The countdown for the best of Munich continues...
#9. Visit Dachau:
I’m always hesitant to recommend a visit to Dachau as a stop on any tourist trip to Munich, but the truth is, the remnants of Germany’s first concentration camp are important to see.
For many, including a large percentage of North Americans, it is the only way to fully grasp the atrocities that took place during a very dark period in German history.
The reason I hesitate in recommending this as a “must-see” for tourists is my empathy for the German people who have come so far in putting the horrors of World War Two behind them.
That in mind, a trip to Dachau can be a sobering experience well worth the visit.
Greeted at the doors by the famous sign reading Arbeit Macht Frei (work makes freedom), visitors can sign up for a guided walk around the camp, or you can take a slower tour at your own pace. Whether or not to sign up for a tour is really up to you.
For me personally, I needed to take my time wandering through the camp in order to come to terms with the emotions rising every time I took another step.
The incredible sadness that overwhelmed me when I set foot in the camp brought tears to my eyes more than once and I couldn’t stop thinking how lucky I was to live in a country that has never experienced this type of anguish, on either side of the gun.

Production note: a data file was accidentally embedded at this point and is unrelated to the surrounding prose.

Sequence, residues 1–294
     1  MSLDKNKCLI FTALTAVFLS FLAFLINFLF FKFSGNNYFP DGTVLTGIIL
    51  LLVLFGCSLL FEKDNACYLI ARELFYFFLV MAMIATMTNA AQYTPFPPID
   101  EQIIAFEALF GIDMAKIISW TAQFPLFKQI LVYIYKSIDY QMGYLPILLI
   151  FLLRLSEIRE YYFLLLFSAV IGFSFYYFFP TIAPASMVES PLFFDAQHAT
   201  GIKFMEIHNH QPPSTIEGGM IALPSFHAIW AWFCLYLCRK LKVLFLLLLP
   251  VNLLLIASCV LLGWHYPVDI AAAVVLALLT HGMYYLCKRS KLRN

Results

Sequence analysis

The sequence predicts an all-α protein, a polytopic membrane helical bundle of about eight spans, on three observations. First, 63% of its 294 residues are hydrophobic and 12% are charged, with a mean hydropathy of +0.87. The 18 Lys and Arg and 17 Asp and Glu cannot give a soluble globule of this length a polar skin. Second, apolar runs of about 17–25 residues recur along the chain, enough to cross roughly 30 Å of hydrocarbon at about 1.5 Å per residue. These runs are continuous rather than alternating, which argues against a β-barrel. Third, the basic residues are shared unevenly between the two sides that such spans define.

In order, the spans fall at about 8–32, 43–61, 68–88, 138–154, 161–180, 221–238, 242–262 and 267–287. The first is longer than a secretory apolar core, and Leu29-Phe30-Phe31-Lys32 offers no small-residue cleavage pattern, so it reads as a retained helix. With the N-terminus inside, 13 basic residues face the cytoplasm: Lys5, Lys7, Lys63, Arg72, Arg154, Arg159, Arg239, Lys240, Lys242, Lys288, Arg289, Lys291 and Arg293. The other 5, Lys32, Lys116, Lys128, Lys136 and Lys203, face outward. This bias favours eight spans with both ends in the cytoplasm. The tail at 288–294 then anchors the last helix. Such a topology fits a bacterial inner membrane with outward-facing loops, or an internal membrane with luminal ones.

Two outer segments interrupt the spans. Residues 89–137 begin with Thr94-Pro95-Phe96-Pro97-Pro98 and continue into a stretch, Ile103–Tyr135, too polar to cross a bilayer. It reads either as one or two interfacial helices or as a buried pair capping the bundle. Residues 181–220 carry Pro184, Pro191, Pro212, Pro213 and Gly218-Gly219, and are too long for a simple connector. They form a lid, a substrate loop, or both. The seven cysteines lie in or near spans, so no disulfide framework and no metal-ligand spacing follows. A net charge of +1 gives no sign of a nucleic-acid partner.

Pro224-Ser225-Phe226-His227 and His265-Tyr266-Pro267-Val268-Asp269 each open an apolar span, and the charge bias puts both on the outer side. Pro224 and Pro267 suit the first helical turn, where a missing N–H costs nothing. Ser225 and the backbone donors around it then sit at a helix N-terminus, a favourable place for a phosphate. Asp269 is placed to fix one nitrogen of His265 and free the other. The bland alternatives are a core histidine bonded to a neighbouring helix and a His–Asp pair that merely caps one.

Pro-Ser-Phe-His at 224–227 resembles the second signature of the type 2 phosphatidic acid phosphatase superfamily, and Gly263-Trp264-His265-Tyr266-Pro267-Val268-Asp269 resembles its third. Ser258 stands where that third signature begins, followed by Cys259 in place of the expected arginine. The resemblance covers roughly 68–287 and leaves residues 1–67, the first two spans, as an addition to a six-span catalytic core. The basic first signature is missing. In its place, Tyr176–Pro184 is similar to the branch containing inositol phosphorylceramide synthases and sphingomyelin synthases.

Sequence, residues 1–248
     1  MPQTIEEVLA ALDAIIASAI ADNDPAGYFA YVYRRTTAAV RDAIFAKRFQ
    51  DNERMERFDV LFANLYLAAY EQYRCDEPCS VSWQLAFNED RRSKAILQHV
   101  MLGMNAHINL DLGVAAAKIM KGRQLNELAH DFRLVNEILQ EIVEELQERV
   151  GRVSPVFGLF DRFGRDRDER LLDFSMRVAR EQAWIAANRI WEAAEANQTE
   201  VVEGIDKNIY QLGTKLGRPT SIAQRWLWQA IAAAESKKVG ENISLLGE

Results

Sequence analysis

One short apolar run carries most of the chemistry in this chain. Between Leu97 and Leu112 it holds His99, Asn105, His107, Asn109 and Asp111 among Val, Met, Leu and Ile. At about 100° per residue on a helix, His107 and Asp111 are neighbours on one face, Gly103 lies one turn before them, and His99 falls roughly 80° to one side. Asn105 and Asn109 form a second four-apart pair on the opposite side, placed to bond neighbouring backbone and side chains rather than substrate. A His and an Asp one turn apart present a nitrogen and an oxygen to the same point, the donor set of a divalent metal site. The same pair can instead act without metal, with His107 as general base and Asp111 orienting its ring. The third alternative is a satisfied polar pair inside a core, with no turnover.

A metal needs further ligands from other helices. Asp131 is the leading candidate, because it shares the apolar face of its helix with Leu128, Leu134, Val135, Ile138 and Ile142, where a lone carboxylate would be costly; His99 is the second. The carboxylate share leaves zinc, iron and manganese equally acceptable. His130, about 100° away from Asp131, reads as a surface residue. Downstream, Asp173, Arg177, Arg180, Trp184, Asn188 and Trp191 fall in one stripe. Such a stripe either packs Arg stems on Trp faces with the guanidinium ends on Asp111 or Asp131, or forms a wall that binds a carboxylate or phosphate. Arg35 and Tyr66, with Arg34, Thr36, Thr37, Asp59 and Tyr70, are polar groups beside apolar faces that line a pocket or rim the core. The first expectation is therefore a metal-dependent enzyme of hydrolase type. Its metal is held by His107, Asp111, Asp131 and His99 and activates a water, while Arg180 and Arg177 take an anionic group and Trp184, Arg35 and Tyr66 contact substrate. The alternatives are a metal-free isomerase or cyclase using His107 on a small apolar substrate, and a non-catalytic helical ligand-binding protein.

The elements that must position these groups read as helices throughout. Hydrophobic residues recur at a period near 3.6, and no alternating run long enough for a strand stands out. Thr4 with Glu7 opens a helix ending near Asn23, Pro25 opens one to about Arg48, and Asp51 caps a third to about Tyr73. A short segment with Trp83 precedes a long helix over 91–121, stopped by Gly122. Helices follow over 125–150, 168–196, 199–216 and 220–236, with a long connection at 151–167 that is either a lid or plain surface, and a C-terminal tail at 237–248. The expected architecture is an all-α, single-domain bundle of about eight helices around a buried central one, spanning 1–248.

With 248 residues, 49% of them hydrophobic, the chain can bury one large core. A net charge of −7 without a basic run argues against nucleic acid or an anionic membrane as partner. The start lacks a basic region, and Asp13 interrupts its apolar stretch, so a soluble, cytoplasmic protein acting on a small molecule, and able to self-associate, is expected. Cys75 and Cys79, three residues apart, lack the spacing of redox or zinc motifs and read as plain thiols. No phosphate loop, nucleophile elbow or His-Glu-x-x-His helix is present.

Having visited the camp more than once, I have also experienced the guided tour and will definitely recommend it to anyone who wants a detailed explanation of a day in the life of a camp prisoner.
Fortunately, Dachau plays a short documentary at various intervals (and in various languages) throughout the day, so even if you miss the tour, you can get a feel for the timeline and a sense of the impact the camp had within the community itself. For example, during the liberation of the camp, neighbours were forced by English and American troops to enter the premises and witness the devastation that had got unpunished for so long. Nobody went untouched by the reign of the Nazi regime, including German citizens frightened for the lives of those they loved.
According to the camp website, in the twelve years between when the camp opened in 1933 and liberation by British and American forces, 41,500 (of the 200 000 who were imprisoned) were murdered.
When you walk around the camp, you will see bunkers and toilets used by former prisoners. You will also walk into rooms where people were systematically killed, tortured or hung until ready to enter the crematorium. Finally, you will see the barb wire fence that encircles the camp, the graves beyond the crematorium that mark the resting place of unknown victims and the wall where people were executed at close range.
Like I said, a trip to Dachau isn’t a heart lifting or happy experience and shouldn’t be portrayed as such. It is a place to go to pay your respects and learn from the mistakes of a shared history.
The camp is easy to get to by S-Bahn. Once you arrive at Dachau, a bus running frequently will take you straight to the camp.
Travel tip shared by thefriendlygiraffe